CommScope's COVID-19 Customer & Partner Hub Visit
Note: As part of its 40th anniversary observance, the CommScope team set out to identify the top 40 innovations that have come from CommScope (or one of its acquired companies) over the past 40 years. We are unveiling the innovations chosen for the Top 40 on CommScope Blogs through early January. Read more about the overall program and selection process in this November 4 post.
We continue today with our unveiling of innovations—in alphabetical order—that are ranked 11-20. You can see a list of the Top 40 innovations already revealed on our 40th anniversary page. As our 40th anniversary year draws to a close, we hope you enjoy looking back at what we think are our top innovations—ones that have helped build the world’s infrastructure of today and tomorrow.
Have an opinion about or connection to any of the innovations? Leave a comment below.
Echo Cancellation Node Repeaters
Definition: Node repeaters were the first cell site repeaters to use digital on-frequency technology with echo cancellation. Echo cancellation involves sampling a portion of the transmitted signal and comparing it with the received signal. If echo is detected, the digital signal processing (DSP) system subtracts part of the echo to create donor/coverage antenna isolation without the need for physical separation.
Year of the Innovation: 2003
What is the innovation that CommScope or one of its acquired companies was first in creating?
Created by the advanced development department of Andrew Corporation (now CommScope Technologies LLC), Node repeaters were introduced in 2003 and were the first cell site repeaters to use digital on-frequency technology with echo cancellation. Digital signal processing (DSP) was used to filter base station donor or mobile signals, to equalize donor link fluctuations by maintaining constant pilot power in the repeater zone, and to cancel the echo between coverage and donor antennas.
One of the problems in repeater installations is that the incoming (donor antenna) frequency is the same as the outgoing (coverage antenna) frequency, and this creates a lot of interference if the antennas are not isolated well enough. Andrew’s previous Extend-a-Cell product translated the donor antenna signal to a different frequency so it didn’t interfere with coverage antennas. Node repeaters cancel or eliminate a portion of the echo with a DSP-based cancellation scheme.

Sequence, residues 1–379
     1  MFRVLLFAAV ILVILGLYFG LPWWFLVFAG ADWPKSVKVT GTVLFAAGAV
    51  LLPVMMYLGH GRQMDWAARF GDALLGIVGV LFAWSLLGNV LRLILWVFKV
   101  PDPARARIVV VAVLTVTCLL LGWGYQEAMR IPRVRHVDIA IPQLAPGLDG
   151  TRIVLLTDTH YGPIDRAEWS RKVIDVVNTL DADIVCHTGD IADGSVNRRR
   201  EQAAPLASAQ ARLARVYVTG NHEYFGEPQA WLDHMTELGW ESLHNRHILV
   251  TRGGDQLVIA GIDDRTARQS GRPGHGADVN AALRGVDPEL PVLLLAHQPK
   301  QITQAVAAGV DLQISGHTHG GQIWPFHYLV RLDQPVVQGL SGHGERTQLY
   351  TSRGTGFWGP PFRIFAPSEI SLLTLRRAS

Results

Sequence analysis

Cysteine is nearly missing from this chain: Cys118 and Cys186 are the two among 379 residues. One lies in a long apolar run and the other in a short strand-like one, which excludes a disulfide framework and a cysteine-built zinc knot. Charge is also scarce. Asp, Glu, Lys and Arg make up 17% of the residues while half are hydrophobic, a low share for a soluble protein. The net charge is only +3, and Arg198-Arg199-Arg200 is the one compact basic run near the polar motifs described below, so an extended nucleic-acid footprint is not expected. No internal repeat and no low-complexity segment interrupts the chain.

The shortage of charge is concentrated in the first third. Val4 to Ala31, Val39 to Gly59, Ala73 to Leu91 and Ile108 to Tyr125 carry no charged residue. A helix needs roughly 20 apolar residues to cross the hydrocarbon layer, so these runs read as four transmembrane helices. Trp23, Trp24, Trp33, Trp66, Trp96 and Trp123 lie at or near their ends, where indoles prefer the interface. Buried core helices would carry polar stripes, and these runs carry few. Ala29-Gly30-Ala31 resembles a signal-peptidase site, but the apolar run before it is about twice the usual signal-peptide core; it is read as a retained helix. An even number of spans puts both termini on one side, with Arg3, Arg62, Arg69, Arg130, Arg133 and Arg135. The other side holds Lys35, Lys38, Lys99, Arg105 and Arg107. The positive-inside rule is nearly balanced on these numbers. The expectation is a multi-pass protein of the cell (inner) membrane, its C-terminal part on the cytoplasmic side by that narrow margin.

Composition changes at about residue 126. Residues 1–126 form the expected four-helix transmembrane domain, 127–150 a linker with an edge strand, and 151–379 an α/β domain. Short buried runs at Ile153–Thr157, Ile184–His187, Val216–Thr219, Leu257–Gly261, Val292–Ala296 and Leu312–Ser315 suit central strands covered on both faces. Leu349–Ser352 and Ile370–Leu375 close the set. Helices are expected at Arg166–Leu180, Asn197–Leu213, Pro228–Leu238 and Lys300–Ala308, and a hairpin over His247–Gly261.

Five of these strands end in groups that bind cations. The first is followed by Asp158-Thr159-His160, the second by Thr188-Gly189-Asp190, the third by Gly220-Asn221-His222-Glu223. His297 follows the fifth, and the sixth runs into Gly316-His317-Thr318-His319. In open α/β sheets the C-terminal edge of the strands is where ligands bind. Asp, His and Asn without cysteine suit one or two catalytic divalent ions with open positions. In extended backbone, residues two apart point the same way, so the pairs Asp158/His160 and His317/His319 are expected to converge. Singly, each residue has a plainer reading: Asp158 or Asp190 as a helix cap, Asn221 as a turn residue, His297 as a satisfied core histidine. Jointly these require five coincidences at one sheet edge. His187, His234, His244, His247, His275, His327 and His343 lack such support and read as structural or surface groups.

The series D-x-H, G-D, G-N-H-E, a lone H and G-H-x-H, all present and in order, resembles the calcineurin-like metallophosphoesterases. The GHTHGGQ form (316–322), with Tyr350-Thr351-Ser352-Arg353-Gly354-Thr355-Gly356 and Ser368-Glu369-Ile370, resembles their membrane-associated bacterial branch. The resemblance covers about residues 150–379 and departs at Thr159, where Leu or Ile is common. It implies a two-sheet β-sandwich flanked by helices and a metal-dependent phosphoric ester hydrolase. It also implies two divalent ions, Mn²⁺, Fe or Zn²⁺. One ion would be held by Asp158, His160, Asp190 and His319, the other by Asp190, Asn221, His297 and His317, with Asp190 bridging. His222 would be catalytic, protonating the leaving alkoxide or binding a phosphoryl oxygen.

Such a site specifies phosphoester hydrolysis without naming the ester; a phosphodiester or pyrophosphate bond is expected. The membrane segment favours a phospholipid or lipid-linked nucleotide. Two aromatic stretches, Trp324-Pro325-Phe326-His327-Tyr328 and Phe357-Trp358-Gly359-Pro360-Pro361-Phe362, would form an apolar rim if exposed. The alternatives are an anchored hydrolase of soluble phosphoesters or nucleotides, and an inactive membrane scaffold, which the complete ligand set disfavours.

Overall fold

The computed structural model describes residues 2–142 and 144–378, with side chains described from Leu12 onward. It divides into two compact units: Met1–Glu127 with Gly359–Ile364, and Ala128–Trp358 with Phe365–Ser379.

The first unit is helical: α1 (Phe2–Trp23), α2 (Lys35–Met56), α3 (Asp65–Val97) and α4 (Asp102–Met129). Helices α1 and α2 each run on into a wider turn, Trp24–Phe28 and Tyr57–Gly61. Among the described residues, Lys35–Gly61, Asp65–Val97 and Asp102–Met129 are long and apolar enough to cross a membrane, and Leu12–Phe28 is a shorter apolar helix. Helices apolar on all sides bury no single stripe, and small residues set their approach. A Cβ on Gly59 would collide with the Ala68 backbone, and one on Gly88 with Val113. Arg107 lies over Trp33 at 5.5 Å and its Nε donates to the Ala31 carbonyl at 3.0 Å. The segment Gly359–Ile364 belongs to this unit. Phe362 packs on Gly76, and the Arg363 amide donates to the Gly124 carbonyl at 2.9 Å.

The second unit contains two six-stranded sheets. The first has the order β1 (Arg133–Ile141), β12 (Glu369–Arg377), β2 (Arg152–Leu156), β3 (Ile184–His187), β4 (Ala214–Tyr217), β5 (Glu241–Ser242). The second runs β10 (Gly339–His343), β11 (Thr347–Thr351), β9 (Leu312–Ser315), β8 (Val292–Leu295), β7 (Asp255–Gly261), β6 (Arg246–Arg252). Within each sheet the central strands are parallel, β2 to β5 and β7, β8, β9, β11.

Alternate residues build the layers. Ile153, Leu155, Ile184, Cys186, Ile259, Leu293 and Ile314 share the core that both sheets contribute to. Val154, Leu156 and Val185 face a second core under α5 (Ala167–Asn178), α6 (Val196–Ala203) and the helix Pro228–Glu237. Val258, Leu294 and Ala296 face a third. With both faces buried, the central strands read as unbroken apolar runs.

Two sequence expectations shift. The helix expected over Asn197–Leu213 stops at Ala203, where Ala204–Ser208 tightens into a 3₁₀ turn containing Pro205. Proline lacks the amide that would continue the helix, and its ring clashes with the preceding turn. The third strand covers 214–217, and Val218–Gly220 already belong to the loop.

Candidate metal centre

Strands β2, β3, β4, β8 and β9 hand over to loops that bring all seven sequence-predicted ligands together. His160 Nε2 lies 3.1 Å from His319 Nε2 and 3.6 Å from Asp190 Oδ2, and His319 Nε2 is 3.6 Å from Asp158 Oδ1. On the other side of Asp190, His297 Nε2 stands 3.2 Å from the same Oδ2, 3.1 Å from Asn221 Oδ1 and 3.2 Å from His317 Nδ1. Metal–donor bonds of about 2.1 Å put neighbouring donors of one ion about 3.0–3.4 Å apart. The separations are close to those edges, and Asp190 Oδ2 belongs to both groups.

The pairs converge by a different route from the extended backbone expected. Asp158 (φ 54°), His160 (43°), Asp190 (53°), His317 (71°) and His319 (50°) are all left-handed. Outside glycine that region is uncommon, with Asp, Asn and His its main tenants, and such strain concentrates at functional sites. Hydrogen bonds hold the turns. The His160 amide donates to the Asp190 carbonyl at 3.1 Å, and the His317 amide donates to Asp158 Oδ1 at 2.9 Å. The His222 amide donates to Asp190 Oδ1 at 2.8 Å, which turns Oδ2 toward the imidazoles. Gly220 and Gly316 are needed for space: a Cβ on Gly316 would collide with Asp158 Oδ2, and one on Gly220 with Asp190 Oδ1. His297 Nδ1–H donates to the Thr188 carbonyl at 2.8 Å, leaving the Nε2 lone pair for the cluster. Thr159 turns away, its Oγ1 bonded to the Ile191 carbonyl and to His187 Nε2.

Echo cancellation involves sampling a portion of the transmitted signal and comparing it with the received signal. If echo is detected, the DSP system subtracts part of the echo to create donor/coverage antenna isolation without the need for physical separation. Prior to echo cancellation, mobile operators would have to physically separate donor and coverage antennas on a platform with a shield between them, which led to large tower-top deployments. The Node repeaters made it possible to have a compact installation that would fit on a regular pole, instead of requiring a platform.
What was happening in the market that this innovation was needed?
Mobile operator licensing requirements mandated that operators offer coverage to a certain percentage of their operating footprint. Base station deployments cost about $1 million, and operators were looking for less expensive ways to extend their coverage areas. Extend-a-Cell repeaters accomplished antenna isolation by changing the frequency of a donor antenna's signal for consumption by coverage antennas. Node repeaters accomplished isolation with DSP-based echo cancellation.
How did this innovation benefit customers and the industry?
Node repeaters enabled operators to extend coverage for a tenth of the cost of adding new base station-based cell sites. In addition, because they eliminated the need for physical isolation between donor and coverage antennas, the Node repeaters enabled construction of more compact, less obtrusive, and generally more cost-effective cell sites. DSP-based echo cancellation is superior to analog processing because DSP components generally get cheaper every year, and device density increases every year, so manufacturers can pack a lot of processing power into a very small and economical chip.
Did this innovation act as the springboard for other innovations, and if so, how do they all tie together?
The Node repeater’s digital echo-cancellation technology was used in a series of products from Andrew Corporation and CommScope. The Node-M, released in 2003, was sold to UMTS carriers in Europe. The Node-C product was released in 2004 to support CDMA networks in the US, India and Australia. The Node-G was released in 2006 for GSM networks. The technical innovation and market success of these products laid the foundation for successor digital filtering and distribution products like the Node-A, Node-AM, and ION-E DAS product.
What is the significance of the innovation for CommScope?
Andrew Corporation was an established leader in the repeater market with its prior Extend-a-Cell product. Node repeaters established the use of digital signal processing within RF repeater and DAS systems where signal analysis was enabling the installation of the systems without the need for any external measurement equipment. Node repeaters contributed to the company’s continued leadership and led to incorporation of digital filtering in CommScope’s ION-E unified wireless infrastructure. Andrew Corporation led the charge in the use of DSP in cell site repeaters, and it spelled the end for analog repeaters in the market.